I have already noted the incoherence in GAFCON's program. At root the incoherence comes from another absurdity, so far as I can tell: wanting biblical authority to stand while wanting biblical authority to fall. Let me explain. GAFCON and its sympathizers make a point of the need to obey biblical authority: let the Scripture's plain sense reign on the issue of homosexuality. In this sense they wish biblical authority to stand, and will claim this authority is at stake. But, as duly noted on the Anglican Continuum, GAFCON et al obstinately refuse to acknowledge plain-sense Scriptural condemnations of divorce and ordaining women--and maybe even of abortion. In that sense they want bibllical authority--as they conceived it in treating homosexuality--to fall. And that is no accident--their integrity depends on holding together groups whose self-serving, selective reading of Scripture gives them their identity. In short, GAFCON makes the main issue to be Scriptural authority, on which it does not have a coherent and principled position. Logically speaking, anything follows from a contradiction. What would you like to "infer" from an incoherent stand on Scripture? Whatever you really, really want to infer: like a power to deny the authority of the catholic church (Jerusalem Declaration, #6 & #13).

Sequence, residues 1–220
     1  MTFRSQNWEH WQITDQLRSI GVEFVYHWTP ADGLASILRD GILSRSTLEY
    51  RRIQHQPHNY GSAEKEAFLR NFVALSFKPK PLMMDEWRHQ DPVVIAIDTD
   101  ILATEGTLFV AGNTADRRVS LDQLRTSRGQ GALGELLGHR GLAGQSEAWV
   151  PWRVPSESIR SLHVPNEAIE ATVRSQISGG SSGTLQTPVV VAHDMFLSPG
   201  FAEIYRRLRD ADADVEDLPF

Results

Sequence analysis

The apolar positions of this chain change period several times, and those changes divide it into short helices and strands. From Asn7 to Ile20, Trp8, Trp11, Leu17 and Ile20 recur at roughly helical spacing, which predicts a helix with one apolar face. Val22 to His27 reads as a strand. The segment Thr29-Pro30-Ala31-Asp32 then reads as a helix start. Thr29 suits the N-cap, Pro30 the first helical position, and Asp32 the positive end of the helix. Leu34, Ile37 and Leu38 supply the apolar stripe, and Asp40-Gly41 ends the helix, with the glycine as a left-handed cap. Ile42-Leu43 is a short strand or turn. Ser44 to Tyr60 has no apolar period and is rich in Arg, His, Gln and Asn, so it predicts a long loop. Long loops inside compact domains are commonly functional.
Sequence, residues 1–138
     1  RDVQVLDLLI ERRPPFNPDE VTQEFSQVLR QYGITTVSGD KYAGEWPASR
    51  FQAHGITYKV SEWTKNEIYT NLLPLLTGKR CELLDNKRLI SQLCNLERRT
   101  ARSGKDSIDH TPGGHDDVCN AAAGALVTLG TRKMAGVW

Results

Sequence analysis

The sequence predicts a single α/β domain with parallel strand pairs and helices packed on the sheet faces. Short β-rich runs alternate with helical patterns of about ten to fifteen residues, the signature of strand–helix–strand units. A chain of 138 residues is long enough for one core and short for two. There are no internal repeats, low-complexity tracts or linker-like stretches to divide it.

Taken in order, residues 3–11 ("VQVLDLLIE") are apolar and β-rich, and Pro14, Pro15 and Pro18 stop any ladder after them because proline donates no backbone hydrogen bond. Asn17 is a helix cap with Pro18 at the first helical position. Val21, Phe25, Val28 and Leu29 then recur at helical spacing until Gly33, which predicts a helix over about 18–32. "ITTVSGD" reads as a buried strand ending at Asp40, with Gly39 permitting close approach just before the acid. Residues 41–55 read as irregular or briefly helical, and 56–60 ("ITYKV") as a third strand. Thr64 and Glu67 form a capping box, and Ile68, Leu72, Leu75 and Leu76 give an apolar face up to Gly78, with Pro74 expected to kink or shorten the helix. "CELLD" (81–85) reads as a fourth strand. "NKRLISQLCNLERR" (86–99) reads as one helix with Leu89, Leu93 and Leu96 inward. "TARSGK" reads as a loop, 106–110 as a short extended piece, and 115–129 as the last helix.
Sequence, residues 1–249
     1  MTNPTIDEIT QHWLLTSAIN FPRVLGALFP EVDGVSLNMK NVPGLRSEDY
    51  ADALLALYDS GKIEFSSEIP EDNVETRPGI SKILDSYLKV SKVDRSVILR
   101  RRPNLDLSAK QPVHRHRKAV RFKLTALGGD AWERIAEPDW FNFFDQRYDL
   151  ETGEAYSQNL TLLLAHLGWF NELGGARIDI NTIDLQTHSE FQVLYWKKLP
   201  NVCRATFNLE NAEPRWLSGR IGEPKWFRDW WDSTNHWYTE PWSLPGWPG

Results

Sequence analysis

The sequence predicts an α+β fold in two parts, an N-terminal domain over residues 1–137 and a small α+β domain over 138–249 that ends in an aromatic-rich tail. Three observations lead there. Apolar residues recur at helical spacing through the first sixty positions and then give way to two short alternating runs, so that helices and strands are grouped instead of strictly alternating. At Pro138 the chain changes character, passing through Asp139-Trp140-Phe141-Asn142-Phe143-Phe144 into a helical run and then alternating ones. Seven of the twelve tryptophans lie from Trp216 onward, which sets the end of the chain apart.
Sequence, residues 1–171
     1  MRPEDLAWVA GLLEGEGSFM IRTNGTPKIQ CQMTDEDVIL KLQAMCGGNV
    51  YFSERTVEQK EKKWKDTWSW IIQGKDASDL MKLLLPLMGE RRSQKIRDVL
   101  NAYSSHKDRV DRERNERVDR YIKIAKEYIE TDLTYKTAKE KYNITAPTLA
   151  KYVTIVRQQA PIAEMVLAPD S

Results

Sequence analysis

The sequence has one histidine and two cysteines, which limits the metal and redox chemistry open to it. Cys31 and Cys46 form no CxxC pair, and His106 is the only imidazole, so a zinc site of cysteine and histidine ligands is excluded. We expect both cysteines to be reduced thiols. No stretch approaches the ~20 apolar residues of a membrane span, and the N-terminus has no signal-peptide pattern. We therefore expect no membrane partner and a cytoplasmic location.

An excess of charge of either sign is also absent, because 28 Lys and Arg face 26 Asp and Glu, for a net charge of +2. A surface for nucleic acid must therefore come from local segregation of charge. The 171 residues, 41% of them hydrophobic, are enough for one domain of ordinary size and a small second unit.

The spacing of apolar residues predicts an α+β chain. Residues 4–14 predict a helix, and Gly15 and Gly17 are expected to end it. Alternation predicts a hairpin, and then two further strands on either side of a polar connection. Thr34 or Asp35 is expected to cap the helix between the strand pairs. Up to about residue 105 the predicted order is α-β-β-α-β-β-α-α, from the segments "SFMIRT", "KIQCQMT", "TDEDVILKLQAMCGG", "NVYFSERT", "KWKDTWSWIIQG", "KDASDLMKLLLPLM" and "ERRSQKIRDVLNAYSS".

Maybe--finally--parties throughout the Communion outside the Episcopal Church are waking up to what the Anglican right has unleashed. Even if they do not see it in quite the way I do, they may nevertheless sense that with GAFCON, the limits that should be there are not there, that something has gone off the rails, something is missing. That recognition is late, but welcome.